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Once you’ve concluded that email is the most appropriate and optimal forum for your message—compared to phone, snail mail, face-to-face communication, or text messaging—there are other considerations that need to be addressed as you prepare to type and fire off your message.

We’ve all been using email long enough to share embarrassing horror stories of when we sent a message we probably shouldn’t have, because either the content or tone was not quite right and whether we hit “send” too soon accidentally or with decisive purpose which we later regretted. The short amount of additional time it takes to be certain you have prepared yourself mentally, thought through your ideas, and composed them with the proper spirit will be well worth it when your communications turn out to be more clear, controlled, and consistent with your proposed intent.

Here are some considerations that will help you master the mindset of delivering more effective emails:

Set up a system.

All email isn’t the same. Posts from peers are different in content and tone from posts from supervisors, those from team members are different from those from relative strangers, and those from IT are different from those from the marketing department. It stands to reason that the way you read and respond to these messages will also be different.

Setting up a system to sort out similar types of messages and levels of priority will help you work through them more efficiently and be in the right frame of mind to respond to them. In this way, those that require a cursory, quick response can be handled at one time and those which require greater thought and attention can be addressed later. The particular system isn’t as important as the fact that you have a method to process your email.

Examine your emotions.

Now that you have a system in place, you can start working through your inbox. It’s important to remember at the onset that you may well be bombarded by personal and private issues from a range of benevolent to belligerent messengers. Keeping a steady and calm emotional balance will be a great help here.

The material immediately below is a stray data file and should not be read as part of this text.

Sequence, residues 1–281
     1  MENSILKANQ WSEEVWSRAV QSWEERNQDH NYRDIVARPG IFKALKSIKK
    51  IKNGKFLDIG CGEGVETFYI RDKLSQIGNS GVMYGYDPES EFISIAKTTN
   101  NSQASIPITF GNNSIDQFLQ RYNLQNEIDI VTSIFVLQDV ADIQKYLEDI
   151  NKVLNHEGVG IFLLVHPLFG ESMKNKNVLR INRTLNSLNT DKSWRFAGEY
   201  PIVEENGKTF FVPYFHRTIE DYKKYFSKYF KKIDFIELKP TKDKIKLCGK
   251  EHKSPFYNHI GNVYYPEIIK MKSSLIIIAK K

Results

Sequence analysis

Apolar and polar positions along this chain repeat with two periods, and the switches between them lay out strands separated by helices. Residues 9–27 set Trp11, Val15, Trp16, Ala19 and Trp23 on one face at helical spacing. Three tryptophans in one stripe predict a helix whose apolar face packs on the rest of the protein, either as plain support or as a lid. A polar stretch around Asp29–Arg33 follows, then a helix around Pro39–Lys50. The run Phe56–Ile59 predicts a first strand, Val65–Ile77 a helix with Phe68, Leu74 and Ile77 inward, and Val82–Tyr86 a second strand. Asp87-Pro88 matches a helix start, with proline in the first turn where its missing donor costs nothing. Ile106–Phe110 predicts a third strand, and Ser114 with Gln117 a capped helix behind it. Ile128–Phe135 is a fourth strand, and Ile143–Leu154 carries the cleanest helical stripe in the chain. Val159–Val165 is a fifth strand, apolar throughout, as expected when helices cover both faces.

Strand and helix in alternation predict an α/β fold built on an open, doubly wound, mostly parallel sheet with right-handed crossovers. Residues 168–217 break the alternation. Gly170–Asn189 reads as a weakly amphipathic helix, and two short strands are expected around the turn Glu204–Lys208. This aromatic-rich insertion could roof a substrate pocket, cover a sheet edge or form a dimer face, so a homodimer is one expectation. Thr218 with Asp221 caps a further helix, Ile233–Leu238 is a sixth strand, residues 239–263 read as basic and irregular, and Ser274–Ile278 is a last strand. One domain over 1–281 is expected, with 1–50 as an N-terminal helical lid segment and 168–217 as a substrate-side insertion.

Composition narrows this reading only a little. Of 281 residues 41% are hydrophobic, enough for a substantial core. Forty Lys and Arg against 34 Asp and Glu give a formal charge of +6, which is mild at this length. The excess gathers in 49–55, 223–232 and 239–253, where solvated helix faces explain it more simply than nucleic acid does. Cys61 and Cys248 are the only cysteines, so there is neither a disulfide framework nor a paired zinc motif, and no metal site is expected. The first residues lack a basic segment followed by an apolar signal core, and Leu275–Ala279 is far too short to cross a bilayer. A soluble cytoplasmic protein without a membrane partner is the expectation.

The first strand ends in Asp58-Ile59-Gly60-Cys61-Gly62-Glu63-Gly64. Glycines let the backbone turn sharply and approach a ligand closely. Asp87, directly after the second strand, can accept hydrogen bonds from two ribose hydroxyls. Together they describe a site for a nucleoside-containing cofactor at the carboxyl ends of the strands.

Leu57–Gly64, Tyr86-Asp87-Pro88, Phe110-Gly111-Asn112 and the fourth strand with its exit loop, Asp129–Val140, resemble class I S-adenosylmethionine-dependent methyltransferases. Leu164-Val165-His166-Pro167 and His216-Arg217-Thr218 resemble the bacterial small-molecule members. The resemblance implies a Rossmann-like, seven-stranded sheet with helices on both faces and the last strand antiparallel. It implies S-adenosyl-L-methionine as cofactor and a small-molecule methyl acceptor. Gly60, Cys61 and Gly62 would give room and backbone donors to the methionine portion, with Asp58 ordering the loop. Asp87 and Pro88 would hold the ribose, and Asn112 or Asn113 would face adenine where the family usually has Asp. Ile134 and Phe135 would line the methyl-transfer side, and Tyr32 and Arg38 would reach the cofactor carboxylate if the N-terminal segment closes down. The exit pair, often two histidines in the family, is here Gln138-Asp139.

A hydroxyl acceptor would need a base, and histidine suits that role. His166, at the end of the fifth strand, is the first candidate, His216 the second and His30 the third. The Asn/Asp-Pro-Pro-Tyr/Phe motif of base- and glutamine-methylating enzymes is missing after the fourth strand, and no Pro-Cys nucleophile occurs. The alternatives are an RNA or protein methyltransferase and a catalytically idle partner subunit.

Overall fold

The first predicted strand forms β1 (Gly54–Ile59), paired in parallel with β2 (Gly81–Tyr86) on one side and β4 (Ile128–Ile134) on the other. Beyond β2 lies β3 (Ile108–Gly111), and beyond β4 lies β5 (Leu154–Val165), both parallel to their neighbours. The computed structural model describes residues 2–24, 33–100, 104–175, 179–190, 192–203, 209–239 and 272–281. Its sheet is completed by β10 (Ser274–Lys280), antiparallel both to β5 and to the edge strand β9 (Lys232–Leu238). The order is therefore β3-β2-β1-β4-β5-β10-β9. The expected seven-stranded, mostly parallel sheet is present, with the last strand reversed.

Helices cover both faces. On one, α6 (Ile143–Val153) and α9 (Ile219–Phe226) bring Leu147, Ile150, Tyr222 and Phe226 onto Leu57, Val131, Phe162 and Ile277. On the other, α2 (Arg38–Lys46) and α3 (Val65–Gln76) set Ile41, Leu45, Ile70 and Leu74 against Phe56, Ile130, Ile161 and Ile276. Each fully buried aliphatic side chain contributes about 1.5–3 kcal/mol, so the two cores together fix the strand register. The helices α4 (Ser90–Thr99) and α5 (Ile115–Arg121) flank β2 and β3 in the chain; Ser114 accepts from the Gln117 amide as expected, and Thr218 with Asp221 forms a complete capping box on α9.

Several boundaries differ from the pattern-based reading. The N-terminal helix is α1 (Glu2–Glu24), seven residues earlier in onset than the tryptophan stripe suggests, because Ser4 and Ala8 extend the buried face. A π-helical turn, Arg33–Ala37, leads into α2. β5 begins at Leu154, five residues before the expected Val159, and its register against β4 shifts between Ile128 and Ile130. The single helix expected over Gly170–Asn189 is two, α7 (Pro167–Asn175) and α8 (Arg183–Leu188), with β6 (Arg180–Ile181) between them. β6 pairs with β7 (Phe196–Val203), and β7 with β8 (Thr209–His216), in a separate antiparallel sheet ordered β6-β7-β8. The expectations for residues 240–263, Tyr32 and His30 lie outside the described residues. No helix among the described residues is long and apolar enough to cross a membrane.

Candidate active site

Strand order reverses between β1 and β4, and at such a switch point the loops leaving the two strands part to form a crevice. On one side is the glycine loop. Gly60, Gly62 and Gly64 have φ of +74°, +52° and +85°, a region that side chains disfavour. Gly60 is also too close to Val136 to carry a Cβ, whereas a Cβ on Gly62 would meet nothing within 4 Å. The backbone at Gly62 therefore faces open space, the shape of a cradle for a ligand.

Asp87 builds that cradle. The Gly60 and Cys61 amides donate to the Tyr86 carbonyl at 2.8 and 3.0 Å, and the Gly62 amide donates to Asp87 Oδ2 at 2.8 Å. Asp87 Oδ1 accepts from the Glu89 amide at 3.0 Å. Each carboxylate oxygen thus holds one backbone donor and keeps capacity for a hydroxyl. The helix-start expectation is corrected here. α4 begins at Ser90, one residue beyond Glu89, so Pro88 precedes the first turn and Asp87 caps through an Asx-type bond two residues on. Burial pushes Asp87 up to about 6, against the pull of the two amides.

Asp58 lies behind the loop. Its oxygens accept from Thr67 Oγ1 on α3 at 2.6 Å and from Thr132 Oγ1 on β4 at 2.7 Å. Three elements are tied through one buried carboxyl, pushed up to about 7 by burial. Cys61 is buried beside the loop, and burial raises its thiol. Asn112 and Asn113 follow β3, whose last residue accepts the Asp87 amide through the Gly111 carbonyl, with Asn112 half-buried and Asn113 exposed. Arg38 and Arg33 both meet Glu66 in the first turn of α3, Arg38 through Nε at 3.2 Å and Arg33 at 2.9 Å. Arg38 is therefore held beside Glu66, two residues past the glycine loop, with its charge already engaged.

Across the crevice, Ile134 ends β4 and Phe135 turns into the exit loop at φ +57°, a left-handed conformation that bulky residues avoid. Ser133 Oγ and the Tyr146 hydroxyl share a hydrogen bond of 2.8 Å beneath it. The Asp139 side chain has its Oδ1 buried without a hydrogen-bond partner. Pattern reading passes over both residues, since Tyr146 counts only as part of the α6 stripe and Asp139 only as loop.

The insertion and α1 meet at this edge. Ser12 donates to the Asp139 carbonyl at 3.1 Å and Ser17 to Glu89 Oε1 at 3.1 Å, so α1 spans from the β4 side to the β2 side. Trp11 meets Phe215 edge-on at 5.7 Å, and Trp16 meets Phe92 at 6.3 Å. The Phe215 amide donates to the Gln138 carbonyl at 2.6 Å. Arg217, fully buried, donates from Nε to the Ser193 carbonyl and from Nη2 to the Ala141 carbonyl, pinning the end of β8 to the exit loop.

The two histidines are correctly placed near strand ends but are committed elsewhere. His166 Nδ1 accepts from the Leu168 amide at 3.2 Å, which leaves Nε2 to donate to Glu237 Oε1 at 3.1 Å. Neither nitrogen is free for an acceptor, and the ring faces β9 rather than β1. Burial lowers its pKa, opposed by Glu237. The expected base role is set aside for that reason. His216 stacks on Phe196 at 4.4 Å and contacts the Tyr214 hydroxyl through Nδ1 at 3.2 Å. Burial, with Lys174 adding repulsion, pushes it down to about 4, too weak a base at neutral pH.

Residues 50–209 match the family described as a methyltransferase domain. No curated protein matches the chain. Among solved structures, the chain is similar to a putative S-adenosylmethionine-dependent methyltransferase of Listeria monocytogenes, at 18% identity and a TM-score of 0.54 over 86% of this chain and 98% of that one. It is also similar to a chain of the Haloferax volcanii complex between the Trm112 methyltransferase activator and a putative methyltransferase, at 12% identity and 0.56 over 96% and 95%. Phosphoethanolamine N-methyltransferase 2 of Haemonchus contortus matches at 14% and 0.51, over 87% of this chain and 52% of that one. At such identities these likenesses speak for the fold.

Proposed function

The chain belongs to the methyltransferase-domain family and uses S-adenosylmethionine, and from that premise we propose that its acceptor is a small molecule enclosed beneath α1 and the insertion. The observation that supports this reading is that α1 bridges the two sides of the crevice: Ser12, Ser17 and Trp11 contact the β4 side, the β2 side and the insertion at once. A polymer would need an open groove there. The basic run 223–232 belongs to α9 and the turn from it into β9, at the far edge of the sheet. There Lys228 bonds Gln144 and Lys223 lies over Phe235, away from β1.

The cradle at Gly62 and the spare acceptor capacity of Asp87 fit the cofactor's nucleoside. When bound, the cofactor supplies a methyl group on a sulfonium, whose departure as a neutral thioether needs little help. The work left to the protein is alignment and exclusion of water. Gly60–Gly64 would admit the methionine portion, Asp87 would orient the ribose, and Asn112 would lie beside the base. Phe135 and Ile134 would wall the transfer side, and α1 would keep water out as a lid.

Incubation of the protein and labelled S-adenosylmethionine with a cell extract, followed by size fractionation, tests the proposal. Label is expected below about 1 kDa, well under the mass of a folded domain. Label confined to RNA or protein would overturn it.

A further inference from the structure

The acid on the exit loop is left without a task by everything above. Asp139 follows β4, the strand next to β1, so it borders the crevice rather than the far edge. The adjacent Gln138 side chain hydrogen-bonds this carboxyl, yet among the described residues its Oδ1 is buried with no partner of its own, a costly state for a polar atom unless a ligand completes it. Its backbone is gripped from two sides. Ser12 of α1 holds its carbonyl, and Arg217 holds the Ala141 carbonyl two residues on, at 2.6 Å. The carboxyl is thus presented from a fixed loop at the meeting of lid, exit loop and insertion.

If you feel the need to send a message that contains sensitive, negative, or critical comments, take some extra time to think it through first. Once you hit the Send button, you’re committed and they’re all but etched in cyber stone. As a safety valve, leave an emotionally charged message in your outbox or drafts folder for a least an hour or longer. During that time, ask yourself: Would I say this face-to-face? Remember, there really is a live person on the receiving end of your communication.

Harness your humor and sarcasm.

Humor is extremely difficult to convey in writing because you don’t have the body language “softeners” (a twinkle in the eye, a smile, a shrug of the shoulders) that provide interpretation clues in face-to-face conversations. Either be sure your humor works, use the typical sideways smiley face as a cue, or don’t skip the wit.

Sarcasm is no more acceptable or wise in email than in face-to-face communication. Sending off a scathing attack with some disclaimer about how “the humor-impaired should skip this message” does not rule out offense and mitigate the criticism. In short, don’t write anything in email you wouldn’t want forwarded to your coworkers or customers.

Think then type.

It often only takes a few moments, but it’s always a wise step to first think through the content and order of your message before you start creating it. And the more detailed and lengthy the remarks, the more time and thought will be required. It’s like taking a look at the roadmap before a long trip or checking out your To Do list before you start your day.

The alternative method is what most people adopt as they start headlong into their thought, rambling on and on from here to there, often straying off into unintended tangents. And since there was little clarity and direction in the authoring of the message, the way it is received by the recipient will likely result in the same effect: clutter and confusion.

Setting up a system to work through your emails, examining your emotions before you start, harnessing your humor, and thinking through your thoughts before diving in without a plan will not only give you more clear and concise content, but it will also ensure that the tone and mood of your message will be more positive, appropriate, and effective.

In the next blog, we’ll look at some important steps in composing and executing effective emails.


E-Writing: 21st-Century Tools for Effective Communication by Dianna Booher

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